8 Jul

Last night I finished rereading Bloomsbury at Home. When I finished this book, I was gripped by the reverberating remains that still hung in the air.

That I would have been a part of this depraved and decadent group, had I have lived then, is of no doubt to me. I would certainly have insinuated myself at all cost.

“That they were, for the most part, highly privileged and articulate men and women rarely forced by economic need to do things that they did not want to do obviously made it easier for them to choose the terms on which they might live ….” *

Virginia and Leonard Woolf; Duncan Grant; Vanessa and Clive Bell; David Garnett; and Lytton Strachey were the faces of Bloomsbury. Over the years there were more colorful characters, like Lady Ottoline Morell, who would slide along the margins, but the extraordinary collection of steadfast talented lives, albeit on the fringe of botched madness one and all, rested with the seven named above.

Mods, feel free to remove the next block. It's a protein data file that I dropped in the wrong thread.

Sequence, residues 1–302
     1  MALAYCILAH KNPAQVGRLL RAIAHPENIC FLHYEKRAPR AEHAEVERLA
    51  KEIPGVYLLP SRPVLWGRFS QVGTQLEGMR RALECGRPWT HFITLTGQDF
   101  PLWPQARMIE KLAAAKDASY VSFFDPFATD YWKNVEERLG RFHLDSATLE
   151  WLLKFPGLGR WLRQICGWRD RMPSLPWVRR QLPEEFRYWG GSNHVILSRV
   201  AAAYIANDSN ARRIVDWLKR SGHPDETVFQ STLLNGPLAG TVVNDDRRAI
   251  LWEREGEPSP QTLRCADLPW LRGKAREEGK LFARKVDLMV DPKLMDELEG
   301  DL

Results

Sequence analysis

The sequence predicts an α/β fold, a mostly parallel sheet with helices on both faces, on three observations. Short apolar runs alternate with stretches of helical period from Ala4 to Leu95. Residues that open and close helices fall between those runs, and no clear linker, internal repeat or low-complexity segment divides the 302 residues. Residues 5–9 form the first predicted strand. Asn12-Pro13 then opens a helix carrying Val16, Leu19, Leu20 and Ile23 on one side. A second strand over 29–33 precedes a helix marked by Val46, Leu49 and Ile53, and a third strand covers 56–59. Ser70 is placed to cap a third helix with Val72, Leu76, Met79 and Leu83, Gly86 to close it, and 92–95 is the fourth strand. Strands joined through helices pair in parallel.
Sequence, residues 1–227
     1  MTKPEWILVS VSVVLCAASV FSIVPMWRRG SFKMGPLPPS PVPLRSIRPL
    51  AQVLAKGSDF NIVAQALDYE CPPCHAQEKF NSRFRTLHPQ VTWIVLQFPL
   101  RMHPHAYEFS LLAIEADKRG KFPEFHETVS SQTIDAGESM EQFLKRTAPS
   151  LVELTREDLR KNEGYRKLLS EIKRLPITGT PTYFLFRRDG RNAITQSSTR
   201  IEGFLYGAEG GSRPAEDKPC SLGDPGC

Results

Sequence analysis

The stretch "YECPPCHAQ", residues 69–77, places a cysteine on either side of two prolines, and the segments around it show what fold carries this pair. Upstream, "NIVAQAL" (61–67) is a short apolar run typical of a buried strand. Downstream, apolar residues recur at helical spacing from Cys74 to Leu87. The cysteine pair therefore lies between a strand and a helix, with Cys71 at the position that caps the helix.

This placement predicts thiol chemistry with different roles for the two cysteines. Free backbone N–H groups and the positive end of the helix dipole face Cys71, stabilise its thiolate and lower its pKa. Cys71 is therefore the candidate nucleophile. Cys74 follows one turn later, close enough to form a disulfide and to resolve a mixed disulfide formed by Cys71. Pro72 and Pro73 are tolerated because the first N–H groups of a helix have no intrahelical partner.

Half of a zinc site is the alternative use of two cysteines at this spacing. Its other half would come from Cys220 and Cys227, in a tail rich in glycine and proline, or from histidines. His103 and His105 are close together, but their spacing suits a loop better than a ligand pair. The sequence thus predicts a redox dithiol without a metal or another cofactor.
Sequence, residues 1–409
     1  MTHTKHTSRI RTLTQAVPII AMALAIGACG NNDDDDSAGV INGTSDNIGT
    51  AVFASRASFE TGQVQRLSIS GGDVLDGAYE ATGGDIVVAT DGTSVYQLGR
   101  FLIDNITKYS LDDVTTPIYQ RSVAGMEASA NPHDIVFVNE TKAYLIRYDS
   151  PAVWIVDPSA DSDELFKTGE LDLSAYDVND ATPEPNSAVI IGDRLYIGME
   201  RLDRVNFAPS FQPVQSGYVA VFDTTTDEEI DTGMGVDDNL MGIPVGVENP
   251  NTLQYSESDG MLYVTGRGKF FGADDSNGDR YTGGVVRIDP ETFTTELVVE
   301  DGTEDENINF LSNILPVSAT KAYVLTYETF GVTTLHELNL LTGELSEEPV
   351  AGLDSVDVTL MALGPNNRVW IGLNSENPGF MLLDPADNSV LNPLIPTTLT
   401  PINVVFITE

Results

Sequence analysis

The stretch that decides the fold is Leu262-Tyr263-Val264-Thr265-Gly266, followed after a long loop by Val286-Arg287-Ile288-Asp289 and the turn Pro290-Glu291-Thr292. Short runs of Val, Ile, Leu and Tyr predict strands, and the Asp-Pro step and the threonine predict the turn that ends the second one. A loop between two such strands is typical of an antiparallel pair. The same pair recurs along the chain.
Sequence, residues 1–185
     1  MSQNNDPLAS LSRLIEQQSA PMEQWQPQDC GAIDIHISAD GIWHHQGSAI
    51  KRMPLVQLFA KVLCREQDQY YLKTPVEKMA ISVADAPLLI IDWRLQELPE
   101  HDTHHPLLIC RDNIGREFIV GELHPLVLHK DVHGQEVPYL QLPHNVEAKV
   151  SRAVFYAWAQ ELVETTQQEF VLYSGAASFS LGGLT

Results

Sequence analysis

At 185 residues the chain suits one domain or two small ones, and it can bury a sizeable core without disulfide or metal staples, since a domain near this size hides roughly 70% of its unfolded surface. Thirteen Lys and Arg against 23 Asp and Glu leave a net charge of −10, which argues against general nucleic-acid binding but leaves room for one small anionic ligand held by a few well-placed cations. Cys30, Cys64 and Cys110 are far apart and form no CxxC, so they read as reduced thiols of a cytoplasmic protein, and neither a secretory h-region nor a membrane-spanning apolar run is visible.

This Table-Book explores their lives, their homes, and The Hogarth Press, the means by which most of their work was published.

Artists: Vanessa Bell (1879-1961), Duncan Grant (1885-1978).

Writers: Virginia Woolf (1882-1941), Lytton Strachey (1880-1932), David Garnett (1892-1981), and Leonard Woolf (1880-1969).

Art Critic: Clive Bell (1881-1964).


English Aristocrat: Lady Ottoline Morell (1873-1938)


Lytton Strachey, Duncan Grant, Clive Bell.
photograph by Vanessa Bell



185 pages (hardcover)

First published in Great Britain 1999 by Pavilion Books

and in New York by Harry N. Abrams, Inc. 1999

* page 16 – 2nd paragraph


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